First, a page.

- Middle-earth: Shadow of War, despite being a single-player game, features loot chests that contain XP boosts, as well as weapons and armor of varying rarity. These chests are completely randomized and can only be bought via in-game currency known as Gold, which you can either purchase using real money or earn via grinding. The game features a multiplayer mode called Social Conquest where players can create bases and post it online to challenge others to assault it with their armies. In ranked matches, any Orc followers that are killed in battle remain permanently dead. Unfortunately your chances of winning depend entirely on how much you're willing to pay up because how quickly you can obtain the best items and resupply your armies depends on how much Gold you have, which is contradictory to Warner Bros.' promise that Gold wouldn't give players any advantages.
- Worse than this however, is that Warner Bros. is using the producer's death to make profits. During the game's development, Shadow of War producer Michael David Forgey died of brain cancer on March 3, 2016. To honor him, developer Monolith Productions created a character named Forthog Orc-Slayer, who will be released as DLC, purchases of which will contribute donations to the Forgey family to assist them. However, the trailer for this fails to mention that although the DLC costs $5, Warner Bros. is only donating $3.50 to the family for each one sold, a split which that Warner Bros. has not disclosed what it was for. To make matters worse, at the end of the trailer there's a small fine print below that has important information regarding the donations. It says "Donations will be made on purchases from any 1 of the 50 U.S. or D.C. (but excluding purchases made from AL, HI, IL, MA, MS, and SC)," meaning if you purchase the DLC from any of these six states or anywhere outside of the U.S., Warner Bros. will take all $5 of your donation and pocket at least $3.50 of it (which was later confirmed by the Shadow of War Twitter account). Warner Bros. is profiting off of a dead man's memorial under the guise of a charity event, which is unethical! Thankfully for those willing to donate, check this link to donate an amount of your choosing to the Forgey family without giving anything to Warner Bros..
- Two Bethesda developed games called The Elder Scrolls: Skyrim and Fallout 4 were given an update which gave the games a new feature called "Creation Club" as a way to support modders using paid mods. However, it sent massive shockwaves in between the Fallout and Skyrim community and caused a large majority of Fallout 4 players protest against the Creation Club on YouTube, and even on Twitter. Pete Hines, a developer working for Bethesda, even tried to defend Creation Club on Twitter which made things even worse and caused even more backlash from lots of players. The paid mods were heavily disliked by players, due to the fact that they forced you to pay for credits, they were of poor quality, took up a lot of space on your hard drive (regardless of whether you paid for them or not), and most importantly, they are recycled content that already exists through regular mods that are of better quality than their paid counterparts. This caused Fallout 4 to be flooded with negative user reviews on Steam, which are mainly focused on Creation Club.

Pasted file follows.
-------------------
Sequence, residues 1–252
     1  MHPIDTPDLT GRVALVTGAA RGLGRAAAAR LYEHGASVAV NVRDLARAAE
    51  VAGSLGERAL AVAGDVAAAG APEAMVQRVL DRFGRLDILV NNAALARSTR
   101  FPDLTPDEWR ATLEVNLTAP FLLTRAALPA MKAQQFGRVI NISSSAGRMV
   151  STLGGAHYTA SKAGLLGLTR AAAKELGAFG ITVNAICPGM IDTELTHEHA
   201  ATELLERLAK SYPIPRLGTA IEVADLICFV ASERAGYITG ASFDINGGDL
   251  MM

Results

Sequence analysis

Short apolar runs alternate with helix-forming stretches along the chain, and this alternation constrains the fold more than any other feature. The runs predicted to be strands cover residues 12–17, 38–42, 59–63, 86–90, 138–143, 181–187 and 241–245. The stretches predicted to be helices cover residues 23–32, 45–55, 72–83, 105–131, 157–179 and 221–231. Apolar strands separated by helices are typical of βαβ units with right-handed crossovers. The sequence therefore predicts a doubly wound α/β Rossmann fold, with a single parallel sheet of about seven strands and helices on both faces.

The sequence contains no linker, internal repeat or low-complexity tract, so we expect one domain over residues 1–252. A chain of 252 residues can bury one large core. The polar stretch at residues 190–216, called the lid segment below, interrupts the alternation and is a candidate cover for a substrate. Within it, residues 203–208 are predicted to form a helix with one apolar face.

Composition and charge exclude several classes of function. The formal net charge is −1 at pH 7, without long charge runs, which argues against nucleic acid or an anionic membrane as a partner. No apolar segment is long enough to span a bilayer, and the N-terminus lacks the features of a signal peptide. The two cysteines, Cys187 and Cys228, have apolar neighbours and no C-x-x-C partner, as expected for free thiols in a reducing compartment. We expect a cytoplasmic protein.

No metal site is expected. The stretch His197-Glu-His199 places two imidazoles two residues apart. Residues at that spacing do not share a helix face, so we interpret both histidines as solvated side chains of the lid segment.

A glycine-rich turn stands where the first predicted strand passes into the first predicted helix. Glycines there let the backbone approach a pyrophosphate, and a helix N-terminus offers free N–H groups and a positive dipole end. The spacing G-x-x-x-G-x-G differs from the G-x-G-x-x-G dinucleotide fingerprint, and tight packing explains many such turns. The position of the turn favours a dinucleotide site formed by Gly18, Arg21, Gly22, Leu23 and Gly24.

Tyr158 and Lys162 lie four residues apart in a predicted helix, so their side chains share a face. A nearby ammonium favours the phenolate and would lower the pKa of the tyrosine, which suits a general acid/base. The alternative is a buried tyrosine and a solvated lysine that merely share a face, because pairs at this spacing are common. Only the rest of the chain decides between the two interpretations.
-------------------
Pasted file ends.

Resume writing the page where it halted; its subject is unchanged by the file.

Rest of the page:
Why it Sucks
- Since almost every game on mobile devices today are full of micro-transactions, and most developers are focused on how to get more money instead of improving their gameplay, now it is rare to find a unique mobile game that doesn't copy another app.
- In some games, the game forces you to pay money in order to progress the game at a acceptable rate compared to playing as a free-to-play user where it is far too slow.
- In many games, Micro-Transactions exist as "Exclusive Items" that are dramatically more powerful than regular items, so that paying players can outrank players who don't pay very easily.
- In cases where players pay thousands of dollars or more the players who pay large amounts of money are called "whales", and these whales are usually what makes the most money for the publisher. This means they have to make those players keep playing the game.
- Sometimes, if a person links his or her online payment credit/debit card to a store account on a mobile device, children may continously buy in-game items with the real life money in the account unaware that they're actually spending real money, most likely ending with the parent losing massive amounts of money.
It should also be noted however, that micro-transactions can be relatively harmless if done correctly. Mainly when the stuff you buy via micro-transactions is optional or can be obtained through normal gameplay at a reasonable pace, and when the game isn't specifically designed to restrict the player unless they keep buying micro-transactions. Money obtained from micro-transactions can be used to fund extra services that the game offers such as online servers, and as long as the game isn't intentionally milking the player with them, the use of micro-transactions can be somewhat acceptable.